Posted on July 31, 2009 by givingcityaustin
It’s hard to write a thoughtful reaction to a film that left me so emotional. And I wasn’t the only one. There were quite a few beefy guys walking out of the theater with puffy, watery eyes last night, too.
But “Happiness Is” by Austin’s Andrew Shapter will do that to you. It’s not that it’s a sad film by any means. In fact, it’s pretty hilarious. Shapter interviewed some characters, for sure. The woman who admitted to thinking that happiness could be found in a solid-surface countertop sticks in my mind. (HINT: It can’t.)
What it is is hopeful because the message is this: Happiness is within your reach. It’s not something to strive for, it’s something you find within yourself. For proof, Shapter talks to happiness historians (they exist), scientists, and anthropologists. They’ve done the research and can pinpoint exactly when most Americans stopped being happy. (HINT: Rampant materialism, duh!)
Then, to further prove his point, he interviewed an incredible mix of people from all over the country – men, children, immigrants, scholars, artists, musicians, comedians, old people…. Though they all get there differently, eventually they all come to the same conclusion.
There are a couple of things you should know about the film:
1. It’s going on a screening tour around the country, and they’re paying for that tour with the support of generous sponsors. If a quarter of the population in America saw this film, it could change this country for the better. Seriously. So if you can swing the DVD, buy it here: http://www.happinessisthemovie.com/blog/shop/
2. The film is being used to raise money for the sponsoring nonprofit. In the case of last night’s screening, the nonprofit beneficiary is Mobile Loave & Fishes, the organization that takes food out to the homeless and is run by the incredible Alan Graham. (He’s featured in the film.) You can support that organization here.: http://www.mlfnow.org/site/PageServer
There were hundreds of people at this screening last night. I wonder what they’re thinking today.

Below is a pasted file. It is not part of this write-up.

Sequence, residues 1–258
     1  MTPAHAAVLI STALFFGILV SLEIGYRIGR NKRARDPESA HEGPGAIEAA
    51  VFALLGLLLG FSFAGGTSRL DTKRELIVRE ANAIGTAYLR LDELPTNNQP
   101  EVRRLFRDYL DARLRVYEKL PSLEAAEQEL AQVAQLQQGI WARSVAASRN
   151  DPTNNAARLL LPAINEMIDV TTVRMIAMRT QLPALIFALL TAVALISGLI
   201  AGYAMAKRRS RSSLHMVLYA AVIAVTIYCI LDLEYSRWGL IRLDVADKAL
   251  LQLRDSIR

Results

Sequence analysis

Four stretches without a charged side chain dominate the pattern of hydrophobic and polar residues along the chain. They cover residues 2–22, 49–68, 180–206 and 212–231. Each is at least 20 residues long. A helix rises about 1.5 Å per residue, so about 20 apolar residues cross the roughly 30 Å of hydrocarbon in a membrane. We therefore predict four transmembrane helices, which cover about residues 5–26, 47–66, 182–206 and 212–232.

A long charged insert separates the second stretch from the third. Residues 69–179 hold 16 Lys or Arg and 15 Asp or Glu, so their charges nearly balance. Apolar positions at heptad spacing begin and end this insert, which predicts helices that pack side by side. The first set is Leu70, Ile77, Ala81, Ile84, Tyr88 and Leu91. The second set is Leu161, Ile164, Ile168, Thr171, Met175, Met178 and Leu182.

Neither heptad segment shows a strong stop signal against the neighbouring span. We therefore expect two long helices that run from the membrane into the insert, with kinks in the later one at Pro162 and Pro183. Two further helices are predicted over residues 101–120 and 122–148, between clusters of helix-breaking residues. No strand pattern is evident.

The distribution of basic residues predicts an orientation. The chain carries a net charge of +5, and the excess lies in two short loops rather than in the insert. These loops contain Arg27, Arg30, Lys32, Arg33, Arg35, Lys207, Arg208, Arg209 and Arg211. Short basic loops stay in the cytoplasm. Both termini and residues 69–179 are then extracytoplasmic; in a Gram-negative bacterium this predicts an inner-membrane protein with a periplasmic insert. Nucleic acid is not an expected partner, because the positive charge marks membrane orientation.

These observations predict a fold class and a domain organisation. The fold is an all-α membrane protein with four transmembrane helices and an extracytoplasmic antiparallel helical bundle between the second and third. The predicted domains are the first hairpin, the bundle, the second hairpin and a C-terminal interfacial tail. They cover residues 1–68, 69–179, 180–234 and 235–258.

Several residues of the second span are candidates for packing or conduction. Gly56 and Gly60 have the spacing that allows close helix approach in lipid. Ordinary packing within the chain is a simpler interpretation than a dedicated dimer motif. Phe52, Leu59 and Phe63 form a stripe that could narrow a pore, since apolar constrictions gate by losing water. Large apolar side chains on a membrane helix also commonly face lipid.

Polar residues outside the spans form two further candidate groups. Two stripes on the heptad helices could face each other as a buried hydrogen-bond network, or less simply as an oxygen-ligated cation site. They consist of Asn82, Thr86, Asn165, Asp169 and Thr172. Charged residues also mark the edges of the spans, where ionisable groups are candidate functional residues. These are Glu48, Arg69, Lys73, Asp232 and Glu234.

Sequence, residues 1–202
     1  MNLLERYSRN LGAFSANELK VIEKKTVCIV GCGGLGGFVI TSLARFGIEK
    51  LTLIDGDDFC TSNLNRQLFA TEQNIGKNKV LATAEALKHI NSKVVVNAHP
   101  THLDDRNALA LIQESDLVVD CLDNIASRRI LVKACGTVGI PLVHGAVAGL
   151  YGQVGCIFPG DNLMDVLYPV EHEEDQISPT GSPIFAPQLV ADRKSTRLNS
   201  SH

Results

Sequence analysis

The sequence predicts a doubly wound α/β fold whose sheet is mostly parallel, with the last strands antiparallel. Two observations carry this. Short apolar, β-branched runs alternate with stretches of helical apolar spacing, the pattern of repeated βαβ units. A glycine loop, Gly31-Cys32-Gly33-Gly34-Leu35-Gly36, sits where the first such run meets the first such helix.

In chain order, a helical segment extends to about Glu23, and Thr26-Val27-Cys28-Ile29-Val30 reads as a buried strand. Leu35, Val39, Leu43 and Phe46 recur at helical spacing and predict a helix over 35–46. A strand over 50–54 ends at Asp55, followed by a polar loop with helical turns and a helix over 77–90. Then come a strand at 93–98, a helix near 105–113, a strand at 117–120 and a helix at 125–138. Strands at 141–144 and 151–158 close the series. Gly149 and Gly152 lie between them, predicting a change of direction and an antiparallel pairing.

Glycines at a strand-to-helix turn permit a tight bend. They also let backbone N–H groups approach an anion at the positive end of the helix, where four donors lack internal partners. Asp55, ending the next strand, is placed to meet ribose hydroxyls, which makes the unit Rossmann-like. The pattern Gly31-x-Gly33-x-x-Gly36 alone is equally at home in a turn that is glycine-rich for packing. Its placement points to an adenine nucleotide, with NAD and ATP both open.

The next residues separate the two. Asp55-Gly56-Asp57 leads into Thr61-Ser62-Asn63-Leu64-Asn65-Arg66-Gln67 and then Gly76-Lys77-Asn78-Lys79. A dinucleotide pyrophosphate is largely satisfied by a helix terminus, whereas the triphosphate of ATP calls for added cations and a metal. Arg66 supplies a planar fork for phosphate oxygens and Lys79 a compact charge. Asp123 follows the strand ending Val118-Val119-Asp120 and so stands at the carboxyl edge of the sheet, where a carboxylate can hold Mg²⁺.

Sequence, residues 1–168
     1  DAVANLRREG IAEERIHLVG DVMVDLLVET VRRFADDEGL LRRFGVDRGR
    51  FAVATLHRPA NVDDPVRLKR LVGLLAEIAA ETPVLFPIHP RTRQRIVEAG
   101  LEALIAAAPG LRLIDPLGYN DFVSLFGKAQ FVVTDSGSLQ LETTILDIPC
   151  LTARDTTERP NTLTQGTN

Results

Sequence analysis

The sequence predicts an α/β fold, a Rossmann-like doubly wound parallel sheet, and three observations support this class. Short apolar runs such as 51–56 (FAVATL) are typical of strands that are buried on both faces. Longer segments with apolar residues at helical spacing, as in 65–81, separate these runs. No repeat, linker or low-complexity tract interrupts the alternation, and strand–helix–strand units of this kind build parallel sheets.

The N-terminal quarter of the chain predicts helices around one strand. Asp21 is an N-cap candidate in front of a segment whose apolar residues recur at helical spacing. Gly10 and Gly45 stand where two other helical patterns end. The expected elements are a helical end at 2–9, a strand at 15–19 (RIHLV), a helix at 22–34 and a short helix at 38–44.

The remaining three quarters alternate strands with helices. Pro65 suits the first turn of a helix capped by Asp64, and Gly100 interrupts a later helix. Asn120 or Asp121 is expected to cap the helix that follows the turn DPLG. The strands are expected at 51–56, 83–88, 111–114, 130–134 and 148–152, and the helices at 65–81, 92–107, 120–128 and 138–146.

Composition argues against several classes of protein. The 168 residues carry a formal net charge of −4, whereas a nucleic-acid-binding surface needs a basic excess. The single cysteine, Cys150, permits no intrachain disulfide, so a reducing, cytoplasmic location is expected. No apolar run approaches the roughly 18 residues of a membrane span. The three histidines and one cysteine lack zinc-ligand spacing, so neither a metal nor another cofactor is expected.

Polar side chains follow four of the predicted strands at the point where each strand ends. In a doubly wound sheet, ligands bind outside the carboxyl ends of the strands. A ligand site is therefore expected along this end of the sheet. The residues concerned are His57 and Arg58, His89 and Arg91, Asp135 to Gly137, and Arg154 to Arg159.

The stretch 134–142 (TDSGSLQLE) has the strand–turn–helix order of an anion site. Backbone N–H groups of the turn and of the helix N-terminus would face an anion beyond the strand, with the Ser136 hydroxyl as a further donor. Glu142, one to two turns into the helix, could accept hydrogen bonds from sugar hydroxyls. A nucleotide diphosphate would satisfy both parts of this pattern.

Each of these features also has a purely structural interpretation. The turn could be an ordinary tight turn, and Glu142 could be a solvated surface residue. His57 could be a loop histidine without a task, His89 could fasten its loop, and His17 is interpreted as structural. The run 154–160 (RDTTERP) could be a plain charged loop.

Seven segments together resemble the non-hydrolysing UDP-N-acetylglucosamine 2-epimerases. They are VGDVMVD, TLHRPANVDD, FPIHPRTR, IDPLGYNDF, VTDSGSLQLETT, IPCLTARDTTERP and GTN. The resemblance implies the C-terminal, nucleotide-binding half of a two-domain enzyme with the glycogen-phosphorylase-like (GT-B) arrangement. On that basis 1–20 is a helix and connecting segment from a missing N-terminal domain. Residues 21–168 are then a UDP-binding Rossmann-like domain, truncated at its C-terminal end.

More from GivingCity -
Giving City Magazine has written an article on Happiness Is. Below is the full article and you can also download the entire article here.
THE SECRET TO HAPPINESS IS…
A new film asks one of mankind’s most profound questions – and gets the answer.
by Monica M. Williams
After Andrew Shapter finished the film, “Before the Music Dies,” a critical look at the popular music industry, he wondered aloud about the focus of his next project. “Before the Music Dies” had taught him everything there was to know about the music industry, he says, “So I told people my next film had to be about happiness. It was kind of a joke at first.”
But the idea took on its own life, and soon Shapter found himself once again traveling to the far corners of the country to talk – to anyone who was willing – about happiness. “I’d just walk up to them and ask them what their ‘pursuit of happiness’ is. Some people knew right away. Others didn’t know what to say.”
Shapter didn’t have the answers either, but an introduction to Alan Graham, he says, “triggered a dramatic twist that would lead to a definitive ending” for the film.
Graham is a founding member and president of Mobile Loaves & Fishes, an Austin-based nonprofit that takes meals out to the homeless and working poor. On that particular trip, Graham took him on a lunchtime truck run to the downtown library. “It was a real cold, wet, miserable day, I remember,” says Graham. “Usually the homeless move in there to stay warm and dry. They shot all the footage of us in that single truck run. I think (Shapter) got a lot out of it.”